For many years, cordless phones have provided us with the convenience and freedom to go anywhere within the phones range to talk. But with some cordless phones this freedom comes with a price. With analog cordless phones anyone with a radio scanner or baby monitor, within a mile or more from your home, can eavesdrop on your conversations. All cordless phones use a radio signal to transmit your conversation from the base station to the handset, and a slightly different radio signal to transmit it from the handset back to the base station. Older cordless phones, and even some of the least expensive newer models, use an analog radio signal to transmit your conversations. Radio scanners, baby monitors, and other wireless communication devices also use analog radio signals to transmit and receive information. To make things worse, they use the same frequency range that some cordless phones use. This makes it easy for anyone with a baby monitor, radio scanner or even some walkie-talkies to tune into your phones frequency and listen in on your conversation.
Digital cordless phones eliminate most eavesdropping.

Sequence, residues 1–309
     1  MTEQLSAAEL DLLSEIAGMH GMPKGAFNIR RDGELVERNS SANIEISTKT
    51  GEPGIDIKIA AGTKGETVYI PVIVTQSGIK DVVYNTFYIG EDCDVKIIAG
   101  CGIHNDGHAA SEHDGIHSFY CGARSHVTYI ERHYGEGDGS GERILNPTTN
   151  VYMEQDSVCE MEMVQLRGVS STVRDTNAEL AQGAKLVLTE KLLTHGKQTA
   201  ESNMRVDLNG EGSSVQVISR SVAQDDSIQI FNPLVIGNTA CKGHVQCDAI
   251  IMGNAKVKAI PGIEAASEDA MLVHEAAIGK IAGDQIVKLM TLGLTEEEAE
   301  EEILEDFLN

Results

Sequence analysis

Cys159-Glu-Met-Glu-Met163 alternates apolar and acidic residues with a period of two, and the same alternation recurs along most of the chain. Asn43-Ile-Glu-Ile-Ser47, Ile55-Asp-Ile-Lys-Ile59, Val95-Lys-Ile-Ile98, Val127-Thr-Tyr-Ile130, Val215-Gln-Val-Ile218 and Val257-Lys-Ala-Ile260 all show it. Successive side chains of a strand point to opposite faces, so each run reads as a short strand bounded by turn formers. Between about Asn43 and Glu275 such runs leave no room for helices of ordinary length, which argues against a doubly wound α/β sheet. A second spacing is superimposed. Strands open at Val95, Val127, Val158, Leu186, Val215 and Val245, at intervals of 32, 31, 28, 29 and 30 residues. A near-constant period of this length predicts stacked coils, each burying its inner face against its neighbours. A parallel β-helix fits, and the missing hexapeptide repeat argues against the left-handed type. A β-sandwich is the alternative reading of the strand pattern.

A digital phone converts your conversation into binary code, a series of zeroes and ones, before it is transmitted from the base to the handset or from the handset to the base. Then the base or handset converts it back into the original analog signal so you can hear it or it can be sent over your phone line. Analog radio receivers used in scanners and other wireless communication devices can not convert this binary code into usable sound. Newer cordless phones also transmit between the base and handset at a higher radio frequency then can be picked up by most scanners and baby monitors. The most advanced cordless phones, DECT 6.0 phones, transmit at a radio frequency that has been dedicated exclusively for voice communication applications by the FCC. There are other features that can make your cordless phone conversations even more secure. Digital Spread Spectrum Technology, or DSS, sometimes called Frequency Hopping Spread Spectrum, or FHSS, uses frequency hopping to transmit your conversation between the base and handset. The phone rapidly switches from one frequency to the next several times per second making it almost impossible for others to follow your conversation. The pattern of which frequency the base and handset will switch to next is reset each time you place the handset back on the base.
So what security features should you look for in a new cordless phone? Depending on your security needs and your budget, look for cordless phones with these security features.
- 2.4GHz digital phones using DSS (Digital Spread Spectrum), or FHSS (Frequency Hopping Spread Spectrum) technology.
- Â 5.8GHz digital phones using DSS (Digital Spread Spectrum), or FHSS (Frequency Hopping Spread Spectrum) technology.
- Â DECT 6.0 phones. The FCC has set aside the 1.9GHz frequency range these Digitally Enhanced Cordless Telecommunication
devices use exclusively for voice communication applications.